If someone has not turned up for their time an hour after it has started, this does not mean you can take their slot. 

You should leave the shared laundry room exactly as you found it (and if possible a bit cleaner). 

This means: 

  • cleaning out the fluffy felt from the dryer and putting it in the felt bin
  • making sure there are no stones, old plasters, or other detritus left in the washing machines 
  • sweeping and mopping the floor 
  • wiping the top of the washing machines so there is no trace of powder 
  • leaving the doors of the machines slightly ajar so the insides can dry 


In Sweden’s shared laundry rooms, passive-aggressiveness is elevated to an art. Photo: Bertil Ericson/TT

7. Don’t play loud music or make a lot of noise after 10pm (or perhaps at all!) 

As previously mentioned, Swedes try not to impinge on the lives of others and expect not to be impinged on themselves.

Even if you are the world’s best DJ or finest jazz pianist, your neighbours will not take kindly to hearing your inspired mixing or improvising through the walls. This is particularly the case after 10pm (or before 10am for that matter).

It is acceptable to throw occasional parties which can both be loud and go on late, but only on Friday and Saturday nights. If you do this, it’s expected that you warn your neighbours in advance by putting a note through their letterbox, or posting one to the elevator or front door.  

You can’t do this very often though. One loud house party a month is too many.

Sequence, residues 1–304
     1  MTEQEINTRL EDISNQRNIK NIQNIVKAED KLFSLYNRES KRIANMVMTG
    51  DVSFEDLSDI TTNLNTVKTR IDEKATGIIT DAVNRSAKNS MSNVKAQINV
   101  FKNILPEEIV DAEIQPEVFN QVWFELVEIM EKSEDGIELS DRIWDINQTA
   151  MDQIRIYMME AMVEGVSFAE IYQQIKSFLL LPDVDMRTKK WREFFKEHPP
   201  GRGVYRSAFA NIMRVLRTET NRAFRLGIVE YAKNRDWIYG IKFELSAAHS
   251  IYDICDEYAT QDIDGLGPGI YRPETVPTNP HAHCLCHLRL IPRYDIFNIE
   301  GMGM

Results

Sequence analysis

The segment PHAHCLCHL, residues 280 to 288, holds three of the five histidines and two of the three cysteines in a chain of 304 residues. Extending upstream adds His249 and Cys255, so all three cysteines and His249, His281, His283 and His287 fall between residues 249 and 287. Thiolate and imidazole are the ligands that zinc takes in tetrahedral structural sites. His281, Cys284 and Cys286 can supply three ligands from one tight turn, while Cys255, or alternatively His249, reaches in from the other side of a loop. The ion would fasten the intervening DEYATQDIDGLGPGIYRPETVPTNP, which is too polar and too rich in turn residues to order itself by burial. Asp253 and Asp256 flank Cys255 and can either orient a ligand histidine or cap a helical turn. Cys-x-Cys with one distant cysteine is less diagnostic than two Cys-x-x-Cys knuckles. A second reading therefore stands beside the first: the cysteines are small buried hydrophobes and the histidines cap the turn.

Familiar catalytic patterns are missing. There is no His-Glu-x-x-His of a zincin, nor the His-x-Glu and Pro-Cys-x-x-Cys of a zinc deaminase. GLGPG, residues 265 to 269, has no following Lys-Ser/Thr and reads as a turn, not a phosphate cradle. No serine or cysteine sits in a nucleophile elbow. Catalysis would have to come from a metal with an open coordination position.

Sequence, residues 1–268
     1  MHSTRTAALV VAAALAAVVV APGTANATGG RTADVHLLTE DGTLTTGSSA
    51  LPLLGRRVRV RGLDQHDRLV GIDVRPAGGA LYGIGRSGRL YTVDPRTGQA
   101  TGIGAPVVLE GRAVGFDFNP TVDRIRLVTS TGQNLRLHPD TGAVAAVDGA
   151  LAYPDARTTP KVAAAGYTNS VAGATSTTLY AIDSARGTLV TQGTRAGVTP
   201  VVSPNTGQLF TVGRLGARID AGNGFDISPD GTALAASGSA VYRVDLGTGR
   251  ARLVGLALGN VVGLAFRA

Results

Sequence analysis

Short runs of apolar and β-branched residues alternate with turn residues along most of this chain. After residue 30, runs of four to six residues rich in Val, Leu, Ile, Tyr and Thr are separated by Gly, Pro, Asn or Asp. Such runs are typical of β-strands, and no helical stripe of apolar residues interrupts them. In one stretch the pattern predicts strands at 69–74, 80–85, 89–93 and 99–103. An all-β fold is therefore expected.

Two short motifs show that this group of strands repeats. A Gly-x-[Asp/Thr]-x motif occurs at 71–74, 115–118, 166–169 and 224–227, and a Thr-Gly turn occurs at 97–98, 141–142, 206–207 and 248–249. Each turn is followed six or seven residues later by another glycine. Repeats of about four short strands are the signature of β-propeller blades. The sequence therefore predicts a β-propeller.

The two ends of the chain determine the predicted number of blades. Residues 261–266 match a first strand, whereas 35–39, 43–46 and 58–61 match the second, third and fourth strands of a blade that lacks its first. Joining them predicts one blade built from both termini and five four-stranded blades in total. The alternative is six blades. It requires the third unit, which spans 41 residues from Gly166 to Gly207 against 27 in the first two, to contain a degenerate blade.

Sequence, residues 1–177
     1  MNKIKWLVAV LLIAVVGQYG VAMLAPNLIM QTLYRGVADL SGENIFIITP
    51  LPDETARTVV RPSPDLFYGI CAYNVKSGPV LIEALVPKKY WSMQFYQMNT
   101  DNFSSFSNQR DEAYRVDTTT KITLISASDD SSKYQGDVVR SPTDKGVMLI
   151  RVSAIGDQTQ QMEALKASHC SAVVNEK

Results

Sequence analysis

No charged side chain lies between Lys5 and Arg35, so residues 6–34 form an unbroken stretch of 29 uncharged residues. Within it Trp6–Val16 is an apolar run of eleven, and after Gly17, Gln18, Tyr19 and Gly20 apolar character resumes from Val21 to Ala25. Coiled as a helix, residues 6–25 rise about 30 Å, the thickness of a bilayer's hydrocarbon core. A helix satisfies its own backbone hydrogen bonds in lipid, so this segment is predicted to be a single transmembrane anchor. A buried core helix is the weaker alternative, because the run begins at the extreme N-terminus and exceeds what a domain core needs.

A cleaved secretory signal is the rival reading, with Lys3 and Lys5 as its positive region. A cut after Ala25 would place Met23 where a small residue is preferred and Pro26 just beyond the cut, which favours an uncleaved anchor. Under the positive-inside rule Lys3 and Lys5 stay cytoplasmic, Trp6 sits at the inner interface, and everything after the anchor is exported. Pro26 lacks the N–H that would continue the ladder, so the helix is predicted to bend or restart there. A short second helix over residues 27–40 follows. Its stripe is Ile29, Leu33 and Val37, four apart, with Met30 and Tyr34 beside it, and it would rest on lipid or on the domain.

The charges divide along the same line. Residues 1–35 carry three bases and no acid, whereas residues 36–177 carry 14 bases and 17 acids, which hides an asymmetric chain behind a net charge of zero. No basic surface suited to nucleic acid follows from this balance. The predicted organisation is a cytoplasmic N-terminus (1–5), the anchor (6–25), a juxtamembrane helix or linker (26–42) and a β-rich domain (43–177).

8. Pull your weight when it comes to communal jobs 

Even outside of collective chore days, there may remain other communal jobs, such as snow clearing, lawn mowing, autumn leaf disposal, and in some streets and buildings, Christmas tree disposal. If you possibly can, you should make sure you do at least as much of this as your Swedish neighbours. 

There might be a lawn-mowing or gardening schedule. If so, you should make sure you do what’s expected of you when it’s your week. If you live in a row of houses, it may very well be expected that if you clear snow from your front door across the garden that you also clear a path all the way to the car park for your neighbours. 

9. Ask for and offer help 

Despite being very individualistic, Swedes love to help – when asked. It’s very engrained in Swedish culture to help people with things and be useful. Borrowing tools. Giving tips. Even, occasionally, borrowing a rare cooking ingredient. Anything where they have the capacity to help you, will make them feel useful and also be a great way to break the ice.


A neighbour putting up a note offering to shop for elderly neighbours during the early months of the coronavirus pandemic. Photo: Magnus Hjalmarson Neideman/SvD/TT


Member comments

  1. “If someone has not turned up for their time an hour after it has started, this does not mean you can take their slot.” This is not true. In some parts of Sweden, the rule is that if you’re late just for 5 minutes, your booking time will be transferred to anyone who comes after. In some parts, you’re allowed to be late for 30 minutes.